He steps up onto the dias at the front of the room and, as we settle and click on recorders and phones we hold aloft, he unscrews the cap on his water bottle and takes a drink.

“First question.”

Someone asks something and he considers his answer, placing the cap back on the bottle and leaning in toward the microphone.

This is when we find out what mood he’s in.

***

I forget how lucky I am to get the chance to see behind the curtain. I wrote a few words, met a few people, and now I get this. I get to meet the coach of the opposing team before the game, although briefly, in the elevator. After the game, I’ll listen to a player talk lovingly about his kids. I see the stadium staff doing all the things that make gameday work.

But, somehow, I’ve lost my words. I’m trying to get them back, trying to recapture the balance that allowed me the opportunity to peek behind the curtain. And I’m grateful to all of you who’ve stuck with me as I’ve been quiet.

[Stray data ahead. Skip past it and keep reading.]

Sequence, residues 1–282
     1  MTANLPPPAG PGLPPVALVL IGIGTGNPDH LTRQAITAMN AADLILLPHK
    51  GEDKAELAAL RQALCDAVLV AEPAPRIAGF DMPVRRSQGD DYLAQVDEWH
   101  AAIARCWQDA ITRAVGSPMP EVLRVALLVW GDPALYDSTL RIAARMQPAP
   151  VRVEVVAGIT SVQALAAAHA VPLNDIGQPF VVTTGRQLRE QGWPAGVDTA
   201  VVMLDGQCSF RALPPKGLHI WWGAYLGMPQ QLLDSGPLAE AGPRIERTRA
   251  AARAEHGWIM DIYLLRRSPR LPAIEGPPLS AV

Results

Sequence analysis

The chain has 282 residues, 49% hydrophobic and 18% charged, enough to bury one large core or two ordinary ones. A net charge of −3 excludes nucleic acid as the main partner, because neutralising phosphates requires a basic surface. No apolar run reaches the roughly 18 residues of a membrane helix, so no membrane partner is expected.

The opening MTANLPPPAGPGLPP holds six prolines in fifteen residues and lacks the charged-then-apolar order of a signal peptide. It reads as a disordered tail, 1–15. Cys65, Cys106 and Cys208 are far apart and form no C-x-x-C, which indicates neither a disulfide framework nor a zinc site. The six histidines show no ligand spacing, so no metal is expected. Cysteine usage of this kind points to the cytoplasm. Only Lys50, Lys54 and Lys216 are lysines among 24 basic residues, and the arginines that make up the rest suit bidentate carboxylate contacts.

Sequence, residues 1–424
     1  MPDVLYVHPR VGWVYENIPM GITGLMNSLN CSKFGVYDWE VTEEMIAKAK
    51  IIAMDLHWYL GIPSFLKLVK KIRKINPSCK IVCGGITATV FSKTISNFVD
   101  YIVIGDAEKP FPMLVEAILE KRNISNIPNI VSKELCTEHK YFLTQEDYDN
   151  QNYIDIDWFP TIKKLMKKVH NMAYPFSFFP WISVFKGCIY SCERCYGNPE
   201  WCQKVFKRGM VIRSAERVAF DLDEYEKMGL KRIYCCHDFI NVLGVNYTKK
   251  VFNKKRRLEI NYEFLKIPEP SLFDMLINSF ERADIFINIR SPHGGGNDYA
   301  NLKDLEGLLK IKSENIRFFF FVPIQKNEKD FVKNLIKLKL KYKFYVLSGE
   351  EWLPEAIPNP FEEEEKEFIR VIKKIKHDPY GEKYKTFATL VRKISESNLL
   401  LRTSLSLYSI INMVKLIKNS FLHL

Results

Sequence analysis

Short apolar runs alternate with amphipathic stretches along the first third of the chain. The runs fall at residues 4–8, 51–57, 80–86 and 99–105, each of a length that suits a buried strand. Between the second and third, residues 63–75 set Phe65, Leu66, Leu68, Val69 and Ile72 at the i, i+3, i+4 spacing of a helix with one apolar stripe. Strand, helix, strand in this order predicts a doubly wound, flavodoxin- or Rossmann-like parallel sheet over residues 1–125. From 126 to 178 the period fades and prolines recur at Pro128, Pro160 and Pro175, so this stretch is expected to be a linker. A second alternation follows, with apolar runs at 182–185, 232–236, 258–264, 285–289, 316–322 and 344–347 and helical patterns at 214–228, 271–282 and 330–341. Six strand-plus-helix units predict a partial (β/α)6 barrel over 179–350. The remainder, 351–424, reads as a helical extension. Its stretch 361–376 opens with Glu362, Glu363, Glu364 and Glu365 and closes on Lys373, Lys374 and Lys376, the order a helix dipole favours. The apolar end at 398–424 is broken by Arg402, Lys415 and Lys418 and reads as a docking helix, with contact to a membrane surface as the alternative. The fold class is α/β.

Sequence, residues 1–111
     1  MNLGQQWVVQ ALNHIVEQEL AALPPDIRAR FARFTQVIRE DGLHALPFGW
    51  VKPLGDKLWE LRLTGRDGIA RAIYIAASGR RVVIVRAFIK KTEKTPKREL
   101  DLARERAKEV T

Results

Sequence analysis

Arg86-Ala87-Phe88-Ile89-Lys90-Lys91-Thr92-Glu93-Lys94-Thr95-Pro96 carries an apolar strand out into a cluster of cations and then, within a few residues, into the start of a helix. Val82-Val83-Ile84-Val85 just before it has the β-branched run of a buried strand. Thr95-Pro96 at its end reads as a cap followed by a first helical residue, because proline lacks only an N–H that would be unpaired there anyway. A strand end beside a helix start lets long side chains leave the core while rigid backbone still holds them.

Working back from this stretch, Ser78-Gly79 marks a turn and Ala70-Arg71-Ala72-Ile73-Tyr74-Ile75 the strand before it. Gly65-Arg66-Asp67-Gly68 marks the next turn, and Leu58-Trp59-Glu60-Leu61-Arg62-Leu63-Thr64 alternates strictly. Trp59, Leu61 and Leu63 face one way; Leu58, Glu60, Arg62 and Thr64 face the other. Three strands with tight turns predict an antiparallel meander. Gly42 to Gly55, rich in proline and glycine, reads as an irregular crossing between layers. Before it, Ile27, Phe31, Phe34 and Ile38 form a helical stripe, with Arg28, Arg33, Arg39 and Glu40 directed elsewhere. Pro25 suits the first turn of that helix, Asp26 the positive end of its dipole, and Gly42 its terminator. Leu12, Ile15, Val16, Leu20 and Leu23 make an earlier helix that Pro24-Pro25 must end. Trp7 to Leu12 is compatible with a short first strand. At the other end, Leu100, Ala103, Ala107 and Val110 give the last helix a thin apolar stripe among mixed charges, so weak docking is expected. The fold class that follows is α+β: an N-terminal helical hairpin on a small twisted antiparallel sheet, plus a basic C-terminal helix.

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Posted by on August 3, 2016 in Uncategorized

 

The beginning of a thing that might be a story later.

The note on the box was printed in neat block letters. Her name. Her address. No postage was visible and the box was tied closed with twine.

She looked up and down the street as if she thought whoever had left the box might still be visible, but there was no one. Two birds on the phone line, a cat on the porch across the street, no other living things that she could see.

The box was an awkward size and she banged her hand on the door jamb as she wrestled the box through the heavy screen door and into the house.

The girl used her car key to cut the twine when she found the knot too difficult to untie. Roughly nine billion styrofoam packing peanuts poured out onto the floor and with them, a black violin case.

 
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Posted by on July 26, 2016 in Uncategorized

 

Forgetting the First Rule of Tifo.

When news broke Monday about the corporate sponsor-driven tifo effort in Seattle, it seemed the perfect opportunity to poke fun of Portland’s northerly neighbors.

But I couldn’t do it.

Offering up an opportunity to a corporate sponsor to create something that should be entirely supporter driven isn’t really a laughing matter. It’s an indication that Seattle’s front office is willfully ignorant of the culture that pays its bills.